If you aren’t measuring the effectiveness of your marketing campaigns, there is no point in running the campaign in the first place.
Sure, you are getting something out the door, and marketing activity needs to occur in order to create mindshare and, as a result, increase the likelihood of generating qualified leads and eventually customers.
But if you are just running campaigns without collecting data on how the campaigns are performing, the only measure of success you have is leads generated (assuming you are even tracking that).
Below are three reasons why marketing data analysis is important, and what to do with the data in order to generate more leads online.
Without data analysis, the best case scenario is leads are increasing but you don’t know which campaigns are responsible for the success (so you can do more of what is working); worst case, if leads are decreasing or remaining flat, you have no insight as to why this is happening nor what levers to pull in order to reverse the trend.
It’s kind of like trying to fly a plane without instruments. When the skies are clear, you can visually fly the plane, but when visibility is low or if you want to fly above the clouds you have no idea if you are going in the right direction or not.
To put it in marketing terms, without marketing data analysis you have no idea which campaigns are working and which ones are not, nor do you have any yardsticks against which to measure success. You are basically flying blind, and there is nothing worse than misguided marketing and lead conversion campaigns.
There are three primary reasons why data is important:
Marketing data allows you to measure business metrics like traffic, leads, and sales, and which events (both on and off your website) influence whether leads become customers.
Using data allows marketers to analyze how each of their marketing initiatives (e.g. social media vs. blogging vs. email marketing) stack up against one another.
Measurement and analysis in turn allows you to learn from what is working, and more importantly, what is not working, toward achieving your business goals so that you can prioritize activities and optimize them based on ROI.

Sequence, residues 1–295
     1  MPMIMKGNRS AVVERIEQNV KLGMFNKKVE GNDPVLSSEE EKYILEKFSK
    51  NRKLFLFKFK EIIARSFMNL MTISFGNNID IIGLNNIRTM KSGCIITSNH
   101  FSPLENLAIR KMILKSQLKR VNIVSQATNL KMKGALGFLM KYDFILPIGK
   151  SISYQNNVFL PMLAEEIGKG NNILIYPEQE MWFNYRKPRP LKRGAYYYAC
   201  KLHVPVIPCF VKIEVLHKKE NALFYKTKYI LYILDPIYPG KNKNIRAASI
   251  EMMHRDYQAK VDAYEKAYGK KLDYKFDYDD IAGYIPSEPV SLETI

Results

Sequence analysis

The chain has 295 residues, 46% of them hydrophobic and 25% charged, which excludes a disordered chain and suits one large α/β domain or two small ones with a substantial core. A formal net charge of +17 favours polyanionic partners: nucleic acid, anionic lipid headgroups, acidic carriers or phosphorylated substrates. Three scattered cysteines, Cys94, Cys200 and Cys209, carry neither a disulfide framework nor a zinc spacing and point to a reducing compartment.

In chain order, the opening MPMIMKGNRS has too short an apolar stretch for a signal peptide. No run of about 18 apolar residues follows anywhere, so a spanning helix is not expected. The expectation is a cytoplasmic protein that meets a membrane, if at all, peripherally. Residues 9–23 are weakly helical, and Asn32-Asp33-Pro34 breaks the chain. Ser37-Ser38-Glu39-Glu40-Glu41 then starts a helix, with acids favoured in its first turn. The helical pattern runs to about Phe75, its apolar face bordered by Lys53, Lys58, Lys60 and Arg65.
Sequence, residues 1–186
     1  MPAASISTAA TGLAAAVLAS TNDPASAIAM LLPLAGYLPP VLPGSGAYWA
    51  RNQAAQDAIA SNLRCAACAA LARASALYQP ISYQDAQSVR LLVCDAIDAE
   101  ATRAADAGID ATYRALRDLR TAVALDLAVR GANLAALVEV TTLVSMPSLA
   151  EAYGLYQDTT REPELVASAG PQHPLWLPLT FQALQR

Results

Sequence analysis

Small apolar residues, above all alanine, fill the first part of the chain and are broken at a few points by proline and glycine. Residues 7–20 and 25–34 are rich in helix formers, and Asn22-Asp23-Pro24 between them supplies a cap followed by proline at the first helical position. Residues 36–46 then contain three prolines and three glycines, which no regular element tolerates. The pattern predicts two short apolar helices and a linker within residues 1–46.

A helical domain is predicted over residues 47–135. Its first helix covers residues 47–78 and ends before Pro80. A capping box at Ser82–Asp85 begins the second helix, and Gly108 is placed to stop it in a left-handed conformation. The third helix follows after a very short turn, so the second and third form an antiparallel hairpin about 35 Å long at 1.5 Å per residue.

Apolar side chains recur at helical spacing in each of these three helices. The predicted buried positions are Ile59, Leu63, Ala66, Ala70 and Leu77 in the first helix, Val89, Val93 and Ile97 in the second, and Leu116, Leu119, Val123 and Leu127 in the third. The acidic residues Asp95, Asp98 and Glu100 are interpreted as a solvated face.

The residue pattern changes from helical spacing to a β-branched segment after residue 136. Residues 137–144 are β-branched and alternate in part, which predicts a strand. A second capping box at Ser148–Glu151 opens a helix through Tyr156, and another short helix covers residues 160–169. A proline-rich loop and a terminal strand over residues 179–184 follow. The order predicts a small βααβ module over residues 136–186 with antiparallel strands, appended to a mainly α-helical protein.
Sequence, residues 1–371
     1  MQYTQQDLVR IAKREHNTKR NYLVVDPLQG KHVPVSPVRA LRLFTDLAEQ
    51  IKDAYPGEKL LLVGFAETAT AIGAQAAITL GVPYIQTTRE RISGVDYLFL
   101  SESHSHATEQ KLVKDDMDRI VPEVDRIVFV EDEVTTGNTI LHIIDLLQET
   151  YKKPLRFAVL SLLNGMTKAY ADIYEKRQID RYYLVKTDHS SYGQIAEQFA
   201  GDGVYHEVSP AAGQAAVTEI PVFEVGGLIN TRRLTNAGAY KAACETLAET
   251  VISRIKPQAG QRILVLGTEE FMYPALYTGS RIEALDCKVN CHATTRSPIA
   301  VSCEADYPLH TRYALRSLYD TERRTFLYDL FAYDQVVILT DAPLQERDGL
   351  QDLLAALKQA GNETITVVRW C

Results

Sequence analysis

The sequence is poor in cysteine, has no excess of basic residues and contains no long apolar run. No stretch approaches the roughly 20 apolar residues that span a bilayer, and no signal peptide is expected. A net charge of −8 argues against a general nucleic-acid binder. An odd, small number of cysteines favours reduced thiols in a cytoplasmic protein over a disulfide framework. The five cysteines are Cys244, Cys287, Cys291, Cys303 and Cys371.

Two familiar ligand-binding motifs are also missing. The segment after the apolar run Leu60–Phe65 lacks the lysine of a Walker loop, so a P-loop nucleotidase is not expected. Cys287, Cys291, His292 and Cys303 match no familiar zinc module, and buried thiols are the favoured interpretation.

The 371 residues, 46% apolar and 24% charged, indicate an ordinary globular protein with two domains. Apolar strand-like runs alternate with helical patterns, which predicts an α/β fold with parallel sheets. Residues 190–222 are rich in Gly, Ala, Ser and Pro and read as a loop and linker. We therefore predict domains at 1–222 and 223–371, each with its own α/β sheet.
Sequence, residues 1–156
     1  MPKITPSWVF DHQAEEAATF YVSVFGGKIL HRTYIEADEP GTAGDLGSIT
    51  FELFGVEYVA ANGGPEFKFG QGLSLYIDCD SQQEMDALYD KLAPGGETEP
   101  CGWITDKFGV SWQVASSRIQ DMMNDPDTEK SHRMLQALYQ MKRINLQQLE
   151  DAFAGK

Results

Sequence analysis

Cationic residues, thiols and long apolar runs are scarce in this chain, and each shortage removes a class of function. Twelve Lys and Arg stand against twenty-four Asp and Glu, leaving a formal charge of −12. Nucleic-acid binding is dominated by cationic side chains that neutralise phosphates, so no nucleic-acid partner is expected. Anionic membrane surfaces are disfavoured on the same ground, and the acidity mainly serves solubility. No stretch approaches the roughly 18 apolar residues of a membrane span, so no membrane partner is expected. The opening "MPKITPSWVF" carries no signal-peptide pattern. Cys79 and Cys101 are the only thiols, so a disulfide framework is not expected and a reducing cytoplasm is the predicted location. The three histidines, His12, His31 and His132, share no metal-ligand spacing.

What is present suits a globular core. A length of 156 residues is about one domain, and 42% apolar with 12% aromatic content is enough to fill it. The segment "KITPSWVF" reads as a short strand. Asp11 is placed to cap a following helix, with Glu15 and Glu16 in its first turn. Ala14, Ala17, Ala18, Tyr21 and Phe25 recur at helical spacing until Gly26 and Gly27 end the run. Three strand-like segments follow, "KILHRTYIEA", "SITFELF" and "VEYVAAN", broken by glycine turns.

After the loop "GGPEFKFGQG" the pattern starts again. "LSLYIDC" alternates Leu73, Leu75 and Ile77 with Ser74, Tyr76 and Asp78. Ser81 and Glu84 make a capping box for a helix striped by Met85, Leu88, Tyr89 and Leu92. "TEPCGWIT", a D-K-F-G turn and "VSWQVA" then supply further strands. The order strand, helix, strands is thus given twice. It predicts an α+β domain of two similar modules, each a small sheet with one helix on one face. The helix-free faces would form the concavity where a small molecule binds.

In addition to understanding why marketing data is important, there are several great applications of what to do with the data.
- Integration Across Different Marketing Channels
Use data to get a good look into the direct relationships between your marketing channels. It's great to be able to see how each of your individual channels (e.g. social media, blogging, email marketing, SEO, etc.) are performing. Going a step further, use your channel performance to tie the effect of multiple channels' performances together.
For example, when running a campaign, not only measure how individual channels are performing, but compare performance across channel. Did the email generate more leads than the blog post? Is this true over time and for different campaigns?
- People-Centric Data on the Customer Lifecycle
Data doesn’t have to be impersonal. In fact, you should use data to gain insight into individual prospects and leads. Examine how specific people are interacting with your different marketing initiatives and channels. For example, how did an individual lead first come to find your website? (Search? Facebook? Direct traffic?) Is that lead subscribed to your email list? Do they read your blog?
Data analysis can tell you all of this and more, providing you with extremely valuable lead intelligence that can be applied to lead scoring and lead nurturing. Look at the individual performance information in aggregate to identify trends among your prospects and leads. Perhaps you find that many customers' last point of conversion was on a certain marketing offer. Having this data makes it possible to implement an effective lead management strategy, enabling you to score and prioritize your B2B leads and identify which activities contribute to a marketing qualified lead for your business.
- Closed Loop Data
Of course, the ultimate objective is to tie marketing activities to sales. Sure, your blog may be effective in generating leads, but are those leads actually turning into customers and making your business money? Closed loop marketing can tell you.
Having this closed loop data can help you determine whether your individual marketing initiatives are actually contributing to the bottom line. Through it, you can determine which channels are most critical for driving sales. Perhaps you find that your blog is your most effective channel for generating customers, or conversely, you find that social media is really only powerful as an engagement mechanism, not a source of sales.
All of the insights, information, and data you can gather from your marketing is really only useful if you do something with it. The true value of marketing data analysis isn't just to prove that all the marketing activities you're doing are worth the time and money; it's also to help you improve and optimize your marketing performance on both an individual channel-by-channel basis as well as an overall, cross-channel machine so that you can measure and track your progress toward your ultimate goal: more paying customers!
To learn how marketing data analysis can be applied toward generating more B2B leads, download our free Lead Gen Blueprint: